From Aleteia -
Fr. Michael Rennier - published on 09/24/23
As I kept losing interest in "prestige" TV shows, I began to ask myself what particular quality I was missing from them. Chesterton showed me the answer.
I’m just going to come out and say this. Sometimes, when you’re a writer, you simply have to grit your teeth and make a blunt statement. Prestige television — the high-toned, sophisticated dramas that win all the awards — is boring.
Not all of it, to be sure, but enough that I started to grow suspicious. Something is wrong with modern storytelling. For instance, that show about big city lawyers bending the law in clever ways while trying to justify the guilt of their moral complicity? I made it about halfway through the series and bailed.
And that show about the science teacher who becomes a drug dealer and slowly becomes corrupted? It was like watching paint dry. Or the anti-hero mobster in Jersey who is ruthless with his enemies but has a conflicted, soft side with his family and talks to his therapist about his feelings of guilt, as if that somehow makes him a sympathetic guy? Not interested.
Does this make me a philistine? Probably. Does it mean I have trouble appreciating modern-day art? Almost certainly. Perhaps the issue is entirely within me. Maybe I’m the one with the defective sensibilities. I prefer turning the television off to re-read Lord of the Rings or stories of the saints or old fairy tales — or even re-watch old sitcoms from the 80s.
For a long time, I would force myself to watch prestige television. After all, so many award committees couldn’t be wrong. But as I watched, I couldn’t help but to lose interest. After this happened enough times, I began to ask myself what it is, what particular quality I was failing to find compelling.
Stories that lead nowhere
G.K. Chesterton, in his book Orthodoxy, suggests the answer. The problem with modern storytelling is that it overwhelmingly focuses on the human ego. Stories now tend be full of anti-heroes, rebels against the system, people with something deeply wrong with them. Most plots go from nowhere to nowhere; no progress is made. The whole point is a psychological deep dive into the allegedly fascinating twists and turns of the human mind, how we morally complicate our decisions before bearing up under the guilt or making ambiguous justifications.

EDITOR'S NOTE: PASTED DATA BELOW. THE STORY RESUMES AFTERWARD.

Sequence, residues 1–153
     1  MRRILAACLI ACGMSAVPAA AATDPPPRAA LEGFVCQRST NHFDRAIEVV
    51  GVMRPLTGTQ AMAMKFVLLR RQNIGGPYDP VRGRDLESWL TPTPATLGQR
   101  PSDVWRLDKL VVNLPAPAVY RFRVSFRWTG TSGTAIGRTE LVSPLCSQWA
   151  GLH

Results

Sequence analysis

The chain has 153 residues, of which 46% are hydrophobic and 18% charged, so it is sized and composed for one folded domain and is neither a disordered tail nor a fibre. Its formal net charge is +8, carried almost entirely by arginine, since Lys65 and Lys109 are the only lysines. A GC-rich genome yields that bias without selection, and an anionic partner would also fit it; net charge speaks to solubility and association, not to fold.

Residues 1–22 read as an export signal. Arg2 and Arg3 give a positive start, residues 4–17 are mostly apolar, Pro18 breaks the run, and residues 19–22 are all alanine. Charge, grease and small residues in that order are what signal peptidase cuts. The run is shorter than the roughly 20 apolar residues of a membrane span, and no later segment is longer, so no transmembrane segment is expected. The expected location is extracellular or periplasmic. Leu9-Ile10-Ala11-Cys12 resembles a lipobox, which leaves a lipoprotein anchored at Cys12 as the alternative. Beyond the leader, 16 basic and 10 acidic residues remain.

The result of all this interiority is a world in which the anti-hero, the superior or extraordinary person the story focuses on, makes their way through a unique life. There are no dragons to be fought and overcome. There is only endless interior introspection. Each person a hero of their own story. Each hero a suffering Prometheus trying to make meaning in a senseless world.
How to make the world smaller
But, as I tell my parishioners all the time, sin is boring. Moral conflict and self-justification, all the ways we rebel from God and try to take control of our own destinies, rebellion, these things tend to make us feel larger in our own estimation, but they also make the world smaller. To paraphrase Groucho Marx, a world in which my ego is the most fascinating thing is not a world I want to live in.
This is why Chesterton says that the truly exciting stories are those that make us smaller so the world can become larger. If stories aren’t defined by our personal proclivities and willfulness, suddenly the magic enters back into everything. The world becomes an exciting, romantic place. These types of stories are about ordinary people — people like you and me — who encounter an extraordinary universe, who are challenged by it, who genuflect before its beauty, who are in awe of the divine power that created it.
In this way, ordinary people discover grace. We are set upon a heroic journey and discover that something new and extraordinary develops within us.
The extraordinary in the ordinay
Chesterton has quipped that there is nothing so extraordinary in this world than an ordinary man and an ordinary woman and their ordinary children. Modern storytelling misses this entirely.
Ordinary people have a far more exciting time than the heroes you see on TV because that which is strange and odd actually strikes them as strange and odd. They find their surroundings cause for fascination and wonder. As Chesterton says, this is the type of person who realizes that it just might be appropriate to fast 40 days just to hear a blackbird sing.
The truth of fairy tales
Chesterton harks back to an older form of storytelling – fairy tales. “Fairy tales are the entirely reasonable things,” he writes. Compared to them, everything else rings slightly false. Fairy tales seem to be the stuff of dreams but, in fact, they hold even more truth than a history book. They represent the common wisdom of mankind, which is why fairy tales have an enduring quality. Which of us hasn’t gone back and watched the cartoon fairy tale movies we viewed in our youth? Many of us, I suspect, have introduced these tales to our children.
As a parent, I have read my children fairy tales not because I dismiss my children as childish. On the contrary, I read books like The Little Prince to them every night because I take my children very seriously. I’m introducing them to a world full of virtue and challenges, a world in which God is present, a world in which, if they keep at their heroic journey despite the obstacles, they can slay dragons.
There’s a good reason that storytelling that defaults to an anti-hero is boring, but a tale like Lord of the Rings is the most enduring and popular story of our generation. The anti-hero strives for nothing but self-justification. The hobbits are normal people striving for redemption. To me, the latter is far more exciting. Chesterton agrees. So do a lot of other people, it seems.